In general Shetland's are rarely ill if they are kept well, but owners need to be aware of the main problems that can occur from time to time.
The most common problem that can occur in young miniatures is something called zooepidemicus, it usually affects foals and sometimes older ponies and the symptoms are usually just a snotty nose but can also make the pony feel a bit down for a few days. The best treatment for this is nothing but time which is usually three months. This is quite contagious and will usually go through most of the foals that are in the same field. It can also give symptoms similar to strangles. If it does no treatment is necessary as this is not a serious condition. Here is a detailed piece about the condition by Ben Moves MA VetMB MRCVS.
MINIATURE “COUGHING” HORSES
this is the story of a small group of adolescent friends and an embarrassing social disease.
Not uncommon. In fact, almost normal in their age group but nonetheless very debilitating on their performance in the Show ring. They had a cough and the snots.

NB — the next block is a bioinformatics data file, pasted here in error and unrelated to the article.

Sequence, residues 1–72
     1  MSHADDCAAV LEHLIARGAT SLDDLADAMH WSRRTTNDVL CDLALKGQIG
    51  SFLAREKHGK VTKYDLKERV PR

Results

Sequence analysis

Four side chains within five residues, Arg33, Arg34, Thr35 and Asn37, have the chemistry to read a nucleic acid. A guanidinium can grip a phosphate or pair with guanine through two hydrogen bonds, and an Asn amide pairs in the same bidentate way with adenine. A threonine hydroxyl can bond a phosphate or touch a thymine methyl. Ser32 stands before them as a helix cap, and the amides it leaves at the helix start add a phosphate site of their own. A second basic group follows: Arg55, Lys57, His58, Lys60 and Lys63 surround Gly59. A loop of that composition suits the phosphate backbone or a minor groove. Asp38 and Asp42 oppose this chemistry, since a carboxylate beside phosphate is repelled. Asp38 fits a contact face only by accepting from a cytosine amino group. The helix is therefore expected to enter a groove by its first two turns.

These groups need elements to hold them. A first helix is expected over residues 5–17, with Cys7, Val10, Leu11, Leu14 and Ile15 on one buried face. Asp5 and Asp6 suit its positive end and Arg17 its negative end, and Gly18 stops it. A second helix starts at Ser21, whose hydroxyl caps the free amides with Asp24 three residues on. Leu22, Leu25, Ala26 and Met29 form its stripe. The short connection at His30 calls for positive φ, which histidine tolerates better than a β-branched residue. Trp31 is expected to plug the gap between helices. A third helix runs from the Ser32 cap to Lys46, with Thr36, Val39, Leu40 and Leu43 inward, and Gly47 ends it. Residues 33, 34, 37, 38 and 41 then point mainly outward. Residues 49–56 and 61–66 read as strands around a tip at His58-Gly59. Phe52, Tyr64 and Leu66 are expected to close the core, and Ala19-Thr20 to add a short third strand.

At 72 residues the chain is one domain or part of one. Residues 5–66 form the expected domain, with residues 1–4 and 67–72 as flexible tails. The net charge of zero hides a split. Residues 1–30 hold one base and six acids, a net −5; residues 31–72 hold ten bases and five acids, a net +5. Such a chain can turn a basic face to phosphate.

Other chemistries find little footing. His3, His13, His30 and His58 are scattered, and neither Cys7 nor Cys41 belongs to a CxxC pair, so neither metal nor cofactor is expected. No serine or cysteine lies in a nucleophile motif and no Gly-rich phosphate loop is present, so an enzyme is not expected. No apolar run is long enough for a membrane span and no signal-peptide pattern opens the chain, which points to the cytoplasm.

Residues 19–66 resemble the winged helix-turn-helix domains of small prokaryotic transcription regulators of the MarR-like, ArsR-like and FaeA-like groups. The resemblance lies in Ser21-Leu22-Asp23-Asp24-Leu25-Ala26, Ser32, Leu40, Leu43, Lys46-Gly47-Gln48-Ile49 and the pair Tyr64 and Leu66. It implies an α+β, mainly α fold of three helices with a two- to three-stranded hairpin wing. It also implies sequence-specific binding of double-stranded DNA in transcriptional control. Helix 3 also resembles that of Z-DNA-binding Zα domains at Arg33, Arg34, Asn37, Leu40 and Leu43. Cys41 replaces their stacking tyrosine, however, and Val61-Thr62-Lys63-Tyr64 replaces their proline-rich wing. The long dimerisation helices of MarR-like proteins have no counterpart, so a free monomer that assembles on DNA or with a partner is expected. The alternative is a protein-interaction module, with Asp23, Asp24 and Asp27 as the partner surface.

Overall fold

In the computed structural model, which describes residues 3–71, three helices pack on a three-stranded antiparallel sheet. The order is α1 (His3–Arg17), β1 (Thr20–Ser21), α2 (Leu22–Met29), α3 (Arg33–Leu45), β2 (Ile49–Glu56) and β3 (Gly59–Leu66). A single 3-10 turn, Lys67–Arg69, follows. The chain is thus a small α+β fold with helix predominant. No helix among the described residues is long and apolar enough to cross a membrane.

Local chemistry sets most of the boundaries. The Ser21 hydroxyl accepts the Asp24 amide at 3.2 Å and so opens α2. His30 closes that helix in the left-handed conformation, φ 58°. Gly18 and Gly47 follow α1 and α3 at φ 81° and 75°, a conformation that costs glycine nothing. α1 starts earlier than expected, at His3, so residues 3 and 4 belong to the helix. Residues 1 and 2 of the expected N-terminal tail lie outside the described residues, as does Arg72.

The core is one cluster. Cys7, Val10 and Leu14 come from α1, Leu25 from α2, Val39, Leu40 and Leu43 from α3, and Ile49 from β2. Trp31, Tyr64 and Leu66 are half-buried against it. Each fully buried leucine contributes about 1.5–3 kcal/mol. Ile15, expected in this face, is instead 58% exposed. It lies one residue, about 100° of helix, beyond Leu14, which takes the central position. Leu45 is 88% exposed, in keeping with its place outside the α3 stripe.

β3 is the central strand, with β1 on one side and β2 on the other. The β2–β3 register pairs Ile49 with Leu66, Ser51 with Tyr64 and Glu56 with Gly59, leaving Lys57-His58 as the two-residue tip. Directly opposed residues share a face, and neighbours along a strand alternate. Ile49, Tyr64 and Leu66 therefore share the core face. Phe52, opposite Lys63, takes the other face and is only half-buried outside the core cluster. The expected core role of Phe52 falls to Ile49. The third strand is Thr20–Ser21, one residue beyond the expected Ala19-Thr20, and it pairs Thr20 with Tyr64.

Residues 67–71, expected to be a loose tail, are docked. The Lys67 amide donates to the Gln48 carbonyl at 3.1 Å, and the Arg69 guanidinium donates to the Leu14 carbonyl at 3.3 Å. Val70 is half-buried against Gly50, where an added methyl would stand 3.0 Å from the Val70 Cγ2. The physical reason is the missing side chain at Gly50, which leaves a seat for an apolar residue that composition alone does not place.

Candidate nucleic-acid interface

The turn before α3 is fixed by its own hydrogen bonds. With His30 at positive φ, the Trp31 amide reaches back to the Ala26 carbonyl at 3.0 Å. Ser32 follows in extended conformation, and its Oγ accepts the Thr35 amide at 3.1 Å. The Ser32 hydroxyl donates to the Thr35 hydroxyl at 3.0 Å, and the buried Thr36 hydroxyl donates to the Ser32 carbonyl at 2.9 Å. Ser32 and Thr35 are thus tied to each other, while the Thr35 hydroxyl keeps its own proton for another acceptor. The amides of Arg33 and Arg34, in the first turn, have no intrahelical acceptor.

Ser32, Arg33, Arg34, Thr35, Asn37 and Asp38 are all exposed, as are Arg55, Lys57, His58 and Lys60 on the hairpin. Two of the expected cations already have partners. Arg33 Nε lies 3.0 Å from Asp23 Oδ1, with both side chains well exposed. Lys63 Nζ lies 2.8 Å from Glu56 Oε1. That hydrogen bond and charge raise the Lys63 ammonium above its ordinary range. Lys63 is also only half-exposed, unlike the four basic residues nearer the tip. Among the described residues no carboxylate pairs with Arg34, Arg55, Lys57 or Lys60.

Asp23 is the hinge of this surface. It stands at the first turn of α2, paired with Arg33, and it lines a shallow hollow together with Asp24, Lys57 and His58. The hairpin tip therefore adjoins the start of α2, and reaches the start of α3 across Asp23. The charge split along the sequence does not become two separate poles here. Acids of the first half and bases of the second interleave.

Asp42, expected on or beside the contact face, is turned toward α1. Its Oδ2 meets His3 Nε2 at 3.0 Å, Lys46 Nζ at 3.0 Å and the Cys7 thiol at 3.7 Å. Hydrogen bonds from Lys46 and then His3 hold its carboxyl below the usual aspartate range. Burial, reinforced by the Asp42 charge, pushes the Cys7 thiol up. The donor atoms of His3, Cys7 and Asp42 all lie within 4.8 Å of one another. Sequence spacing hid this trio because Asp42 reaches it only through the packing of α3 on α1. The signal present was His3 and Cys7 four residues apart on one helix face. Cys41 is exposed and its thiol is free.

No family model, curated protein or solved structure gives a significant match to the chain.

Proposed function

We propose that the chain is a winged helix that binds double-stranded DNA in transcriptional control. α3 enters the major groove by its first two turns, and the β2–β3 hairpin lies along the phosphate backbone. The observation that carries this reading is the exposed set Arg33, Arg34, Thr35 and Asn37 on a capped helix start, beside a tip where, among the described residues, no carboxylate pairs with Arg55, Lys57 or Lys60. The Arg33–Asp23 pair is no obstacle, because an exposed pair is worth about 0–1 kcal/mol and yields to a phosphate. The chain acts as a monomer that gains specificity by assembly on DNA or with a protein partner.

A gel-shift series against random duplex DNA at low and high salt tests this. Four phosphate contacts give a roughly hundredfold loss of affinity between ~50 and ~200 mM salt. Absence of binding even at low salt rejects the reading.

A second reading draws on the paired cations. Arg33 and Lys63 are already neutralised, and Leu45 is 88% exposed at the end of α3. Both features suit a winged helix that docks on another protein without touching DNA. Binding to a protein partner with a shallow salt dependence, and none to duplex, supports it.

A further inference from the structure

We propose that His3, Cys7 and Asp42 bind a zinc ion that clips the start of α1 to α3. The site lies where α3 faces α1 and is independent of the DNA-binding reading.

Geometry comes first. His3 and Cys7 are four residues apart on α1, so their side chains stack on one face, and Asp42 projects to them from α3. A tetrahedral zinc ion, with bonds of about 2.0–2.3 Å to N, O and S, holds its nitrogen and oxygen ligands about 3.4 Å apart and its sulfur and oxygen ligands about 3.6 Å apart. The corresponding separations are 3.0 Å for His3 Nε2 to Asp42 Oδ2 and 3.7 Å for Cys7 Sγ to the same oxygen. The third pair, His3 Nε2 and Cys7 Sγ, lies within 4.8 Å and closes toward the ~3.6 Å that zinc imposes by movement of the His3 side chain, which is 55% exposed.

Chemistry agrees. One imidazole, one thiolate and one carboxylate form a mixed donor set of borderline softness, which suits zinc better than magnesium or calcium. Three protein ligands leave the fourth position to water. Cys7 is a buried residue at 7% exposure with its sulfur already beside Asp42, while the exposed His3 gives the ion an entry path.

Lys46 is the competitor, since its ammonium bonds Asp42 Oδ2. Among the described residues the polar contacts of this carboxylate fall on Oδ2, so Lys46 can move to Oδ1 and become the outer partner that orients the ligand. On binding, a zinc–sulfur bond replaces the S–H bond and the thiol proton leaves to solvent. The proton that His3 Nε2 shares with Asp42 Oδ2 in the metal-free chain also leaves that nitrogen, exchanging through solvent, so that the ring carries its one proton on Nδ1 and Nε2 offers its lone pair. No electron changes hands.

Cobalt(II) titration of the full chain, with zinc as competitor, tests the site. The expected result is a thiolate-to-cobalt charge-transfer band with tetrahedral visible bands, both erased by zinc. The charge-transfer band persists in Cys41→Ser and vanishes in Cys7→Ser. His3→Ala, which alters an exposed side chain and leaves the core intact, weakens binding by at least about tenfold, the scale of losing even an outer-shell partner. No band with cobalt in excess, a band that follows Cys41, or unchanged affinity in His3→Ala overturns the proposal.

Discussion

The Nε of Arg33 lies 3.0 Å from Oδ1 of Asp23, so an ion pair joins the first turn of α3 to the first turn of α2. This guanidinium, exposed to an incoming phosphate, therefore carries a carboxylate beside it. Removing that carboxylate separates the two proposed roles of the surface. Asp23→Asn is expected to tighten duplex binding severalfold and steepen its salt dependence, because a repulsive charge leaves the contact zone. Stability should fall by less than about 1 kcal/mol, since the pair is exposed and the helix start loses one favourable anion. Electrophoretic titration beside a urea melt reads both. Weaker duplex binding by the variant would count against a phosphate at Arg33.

Yearling horses and ponies often develop a cough. This can be accompanied by the complete range of symptoms from frequent coughing, inappetance, high temperatures, clear and runny nasal discharges to green thick nasal discharges and so on. Some untreated conditions can become very serious and should always be seen by a vet.
The causes of Upper Respiratory Tract Disease in yearlings are many. As a rule of thumb, clear runny nasal discharge, off food for a day and then coughing is often caused by a virus.
The most common URTI virus is Equine Herpes Virus, type 1 or 4. In fact, investigations have shown that up to 85% of 2 year olds have scroconverted (i.e. been exposed and developed an immune response to Respiratory Equine Herpes). Unfortunately, the immunity is short-lived. Vaccination to EHV 1 & 4 is available from your vet. It is not required for showing (unlike influenza vaccination) and boosters are required every 6 months.